What is the Next Logical Sales Milestone (NLSM)? In other words where, in the Sales Milestones, will this opportunity be in the foreseeable (e.g. one to eight weeks) future? What is the Plan of Attack to achieve that NLSM? If the NLSM is to close the deal, is it reasonable to believe that the Plan of Attack can be completed by the forecasted Close Date?

The Beauty of Sales and Statistics

This article began by discussing the merits (or lack thereof) of Probability in Sales. It is impossible to make reasonable predictions using a single number. The beauty of sales, from a statistical perspective, is that there are only three outcomes: Win, Lose or Walk (discontinue the investment).

Tracking the Sales Vital Signs described in this article can serve as a more scientific platform for predicting which sales opportunities will close and when they will close. One analysis of 250 opportunities we conducted for a client showed true correlations between higher CAP Scores (for qualification) and winning. Losses consistently had lower average CAP Scores.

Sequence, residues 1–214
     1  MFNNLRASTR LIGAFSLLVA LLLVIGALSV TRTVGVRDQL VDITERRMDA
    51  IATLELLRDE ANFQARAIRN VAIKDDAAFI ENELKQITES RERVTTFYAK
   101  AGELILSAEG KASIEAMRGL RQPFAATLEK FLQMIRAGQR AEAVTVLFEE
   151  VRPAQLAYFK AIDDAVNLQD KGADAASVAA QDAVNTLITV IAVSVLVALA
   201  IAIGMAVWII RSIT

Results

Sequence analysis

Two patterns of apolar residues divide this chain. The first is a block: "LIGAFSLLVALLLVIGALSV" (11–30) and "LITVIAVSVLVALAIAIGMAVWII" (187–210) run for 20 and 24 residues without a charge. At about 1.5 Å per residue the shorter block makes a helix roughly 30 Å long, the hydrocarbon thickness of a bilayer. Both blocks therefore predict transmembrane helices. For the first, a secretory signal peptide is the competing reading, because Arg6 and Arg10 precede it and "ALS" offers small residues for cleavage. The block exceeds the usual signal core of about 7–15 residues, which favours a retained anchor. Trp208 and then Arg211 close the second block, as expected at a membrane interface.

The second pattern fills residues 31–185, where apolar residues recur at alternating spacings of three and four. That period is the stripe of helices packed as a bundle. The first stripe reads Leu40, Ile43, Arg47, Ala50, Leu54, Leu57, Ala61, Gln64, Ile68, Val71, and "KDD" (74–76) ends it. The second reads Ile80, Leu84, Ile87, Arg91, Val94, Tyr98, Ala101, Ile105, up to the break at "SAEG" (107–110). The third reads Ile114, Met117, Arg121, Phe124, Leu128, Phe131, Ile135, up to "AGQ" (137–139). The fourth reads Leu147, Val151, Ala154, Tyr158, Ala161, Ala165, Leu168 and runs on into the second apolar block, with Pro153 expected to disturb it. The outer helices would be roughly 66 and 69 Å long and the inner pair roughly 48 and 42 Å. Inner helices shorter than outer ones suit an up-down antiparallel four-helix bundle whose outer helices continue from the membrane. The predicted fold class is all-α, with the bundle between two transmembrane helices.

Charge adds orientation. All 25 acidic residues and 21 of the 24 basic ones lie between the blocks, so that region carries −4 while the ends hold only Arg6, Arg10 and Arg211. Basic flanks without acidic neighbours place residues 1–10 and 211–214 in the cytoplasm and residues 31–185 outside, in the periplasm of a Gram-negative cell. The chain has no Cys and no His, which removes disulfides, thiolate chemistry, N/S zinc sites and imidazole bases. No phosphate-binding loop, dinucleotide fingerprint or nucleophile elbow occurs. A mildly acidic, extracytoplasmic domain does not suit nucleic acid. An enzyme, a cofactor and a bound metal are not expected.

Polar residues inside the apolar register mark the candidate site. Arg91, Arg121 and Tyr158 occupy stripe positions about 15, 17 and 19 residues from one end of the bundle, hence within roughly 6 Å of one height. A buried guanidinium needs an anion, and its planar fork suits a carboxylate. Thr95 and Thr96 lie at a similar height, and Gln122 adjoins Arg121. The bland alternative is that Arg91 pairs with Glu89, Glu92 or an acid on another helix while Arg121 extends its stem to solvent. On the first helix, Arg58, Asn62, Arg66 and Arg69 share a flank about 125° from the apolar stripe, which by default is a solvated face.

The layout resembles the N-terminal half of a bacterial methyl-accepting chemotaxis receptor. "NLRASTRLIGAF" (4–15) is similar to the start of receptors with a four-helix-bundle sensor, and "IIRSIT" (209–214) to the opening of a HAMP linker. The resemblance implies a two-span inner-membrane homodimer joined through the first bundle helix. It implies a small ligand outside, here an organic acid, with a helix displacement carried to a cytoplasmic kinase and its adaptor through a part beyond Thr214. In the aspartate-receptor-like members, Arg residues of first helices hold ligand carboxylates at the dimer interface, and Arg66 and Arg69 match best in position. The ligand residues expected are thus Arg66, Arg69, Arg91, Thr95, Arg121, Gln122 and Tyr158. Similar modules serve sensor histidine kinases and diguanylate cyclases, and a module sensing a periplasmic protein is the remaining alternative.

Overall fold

Every sale that was won included one or more Guides. Winning sales included access to an average of 4.3 Buyers, while losses averaged 1.1 Buyers. There was also a relationship shown between non-decisions and Status Quo being a viable alternative.

It’s one thing to claim the sale will close by the end of the Quarter. It’s another to have a Plan of Attack illustrating: the events that will take place, the information and actions required to complete the plan and the sales team resources that will participate in completing those events. When these are all assigned and completed using a “no later than” date, forecasting becomes much more accurate.

High performing sales teams set realistic expectations in forecasting close dates. They don’t project closed sales without plans to achieve closure. When things do not go as planned, they acknowledge that and either develop a better Plan of Attack or push the close date out. We believe the 11th Commandment is: “Thou shalt not kid thyself.”